Around 1.2 million children in India could have been saved in 2015 had the basic minimum sanitation and healthcare facilities been provided for, says the UNICEF’s State of the World’s Children Report 2016 that was released today.
Dispelling the idea that economic growth means better conditions for children, the report added, “Some countries on the fast lane for global economic growth – including India and Nigeria – have been in the slower lane for child mortality reduction”.
India – along with Congo, Ethiopia, Nigeria and Pakistan – account for more than half the 5.9 million children who died last year before attaining the age of five years.
Around 39% were babies who died due to complications during birth. Most of the rest, the report said, died from diseases like malaria and diarrhoea, which are easy to control, but have become prime killers through lack of proper sanitation and access to healthcare.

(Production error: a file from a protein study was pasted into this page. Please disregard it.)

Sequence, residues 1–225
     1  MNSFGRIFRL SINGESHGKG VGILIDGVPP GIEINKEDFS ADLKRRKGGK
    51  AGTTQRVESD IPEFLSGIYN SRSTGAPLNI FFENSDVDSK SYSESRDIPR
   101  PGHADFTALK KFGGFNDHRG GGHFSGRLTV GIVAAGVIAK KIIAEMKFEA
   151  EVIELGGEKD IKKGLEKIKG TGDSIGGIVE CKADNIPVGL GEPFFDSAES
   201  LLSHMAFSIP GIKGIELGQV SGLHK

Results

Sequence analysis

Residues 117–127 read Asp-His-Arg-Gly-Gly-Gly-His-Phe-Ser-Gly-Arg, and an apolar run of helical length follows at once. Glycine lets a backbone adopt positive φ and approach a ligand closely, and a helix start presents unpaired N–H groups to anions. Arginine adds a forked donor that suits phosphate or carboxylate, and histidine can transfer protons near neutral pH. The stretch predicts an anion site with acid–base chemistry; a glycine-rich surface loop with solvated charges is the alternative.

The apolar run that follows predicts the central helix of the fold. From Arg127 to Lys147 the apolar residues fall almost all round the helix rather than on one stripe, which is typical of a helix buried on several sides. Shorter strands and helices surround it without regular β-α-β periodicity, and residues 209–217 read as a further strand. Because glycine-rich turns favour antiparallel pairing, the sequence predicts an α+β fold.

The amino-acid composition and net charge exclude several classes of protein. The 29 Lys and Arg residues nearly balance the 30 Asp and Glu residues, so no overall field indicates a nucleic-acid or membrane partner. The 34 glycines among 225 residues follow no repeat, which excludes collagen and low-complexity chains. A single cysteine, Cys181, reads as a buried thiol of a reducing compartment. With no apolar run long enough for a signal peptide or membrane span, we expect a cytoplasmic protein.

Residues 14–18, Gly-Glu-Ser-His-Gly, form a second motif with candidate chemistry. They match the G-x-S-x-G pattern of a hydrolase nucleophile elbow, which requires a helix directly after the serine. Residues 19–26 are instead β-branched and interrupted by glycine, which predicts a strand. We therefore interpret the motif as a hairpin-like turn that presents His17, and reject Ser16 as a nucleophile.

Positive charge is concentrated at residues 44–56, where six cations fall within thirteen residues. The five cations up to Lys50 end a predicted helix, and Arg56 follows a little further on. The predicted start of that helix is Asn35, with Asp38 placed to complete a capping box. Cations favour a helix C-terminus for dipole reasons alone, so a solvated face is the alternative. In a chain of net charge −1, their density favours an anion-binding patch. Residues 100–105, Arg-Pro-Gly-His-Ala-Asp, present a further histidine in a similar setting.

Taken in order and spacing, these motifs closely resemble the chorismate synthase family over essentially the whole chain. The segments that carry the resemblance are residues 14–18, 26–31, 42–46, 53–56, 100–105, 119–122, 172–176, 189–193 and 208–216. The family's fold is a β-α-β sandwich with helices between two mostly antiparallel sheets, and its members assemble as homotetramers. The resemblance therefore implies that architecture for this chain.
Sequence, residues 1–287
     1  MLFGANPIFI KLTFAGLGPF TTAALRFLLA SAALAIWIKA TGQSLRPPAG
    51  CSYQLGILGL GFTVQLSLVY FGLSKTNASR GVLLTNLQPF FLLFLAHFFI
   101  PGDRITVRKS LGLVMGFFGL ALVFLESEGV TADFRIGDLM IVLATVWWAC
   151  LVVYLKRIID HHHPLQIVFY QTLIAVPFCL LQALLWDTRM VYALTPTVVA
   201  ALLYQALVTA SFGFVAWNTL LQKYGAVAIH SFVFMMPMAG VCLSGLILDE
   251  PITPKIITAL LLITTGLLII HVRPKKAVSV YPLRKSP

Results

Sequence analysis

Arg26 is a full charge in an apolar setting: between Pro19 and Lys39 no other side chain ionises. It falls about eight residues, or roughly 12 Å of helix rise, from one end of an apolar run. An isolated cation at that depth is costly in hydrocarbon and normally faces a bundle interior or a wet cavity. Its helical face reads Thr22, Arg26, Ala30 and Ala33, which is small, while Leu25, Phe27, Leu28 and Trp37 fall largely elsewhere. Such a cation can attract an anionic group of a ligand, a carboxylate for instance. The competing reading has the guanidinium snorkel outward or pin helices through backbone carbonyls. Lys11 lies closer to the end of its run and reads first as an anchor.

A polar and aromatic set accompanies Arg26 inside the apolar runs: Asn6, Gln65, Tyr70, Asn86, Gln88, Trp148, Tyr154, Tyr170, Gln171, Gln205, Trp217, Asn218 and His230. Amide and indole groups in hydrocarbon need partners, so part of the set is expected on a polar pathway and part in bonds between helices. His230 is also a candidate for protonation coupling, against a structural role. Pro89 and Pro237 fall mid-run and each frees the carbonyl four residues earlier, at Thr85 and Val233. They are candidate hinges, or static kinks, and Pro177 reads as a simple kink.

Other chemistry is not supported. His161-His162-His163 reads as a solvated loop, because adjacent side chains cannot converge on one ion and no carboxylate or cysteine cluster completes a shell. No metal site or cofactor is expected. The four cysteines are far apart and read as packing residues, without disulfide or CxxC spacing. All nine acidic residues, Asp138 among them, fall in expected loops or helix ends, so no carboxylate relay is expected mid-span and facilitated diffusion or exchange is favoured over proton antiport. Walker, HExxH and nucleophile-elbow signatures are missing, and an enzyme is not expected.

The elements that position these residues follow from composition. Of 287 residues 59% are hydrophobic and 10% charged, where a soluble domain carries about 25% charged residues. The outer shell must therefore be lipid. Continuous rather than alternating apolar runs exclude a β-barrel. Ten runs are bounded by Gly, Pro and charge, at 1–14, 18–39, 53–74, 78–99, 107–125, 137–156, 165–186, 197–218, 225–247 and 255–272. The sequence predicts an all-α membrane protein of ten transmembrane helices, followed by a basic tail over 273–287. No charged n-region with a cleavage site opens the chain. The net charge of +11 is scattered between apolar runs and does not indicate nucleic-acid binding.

Though no data was available, the report suggested that child marriage and subsequent teen pregnancies could be a key reason for the neo-natal deaths.
Worldwide, the other causes of children’s deaths included pneumonia, meningitis, tetanus, measles, sepsis and AIDS.
The report suggested that the overwhelming majority of child deaths can be prevented through well-known, low-cost and easily deliverable interventions and facilities like sanitation, holistic nutrition and women’s reproductive health management.
The report quoted research published in The Lancet, which estimates that 40 per cent of neonatal deaths could be averted with key interventions around the time of birth.
These include care by a skilled birth attendant, emergency obstetric care, immediate newborn care (including breastfeeding support) and newborn resuscitation. Another 30 per cent could be saved through “kangaroo mother” care, in which the baby is kept with skin-to-skin contact and prevention of infections, among other measures.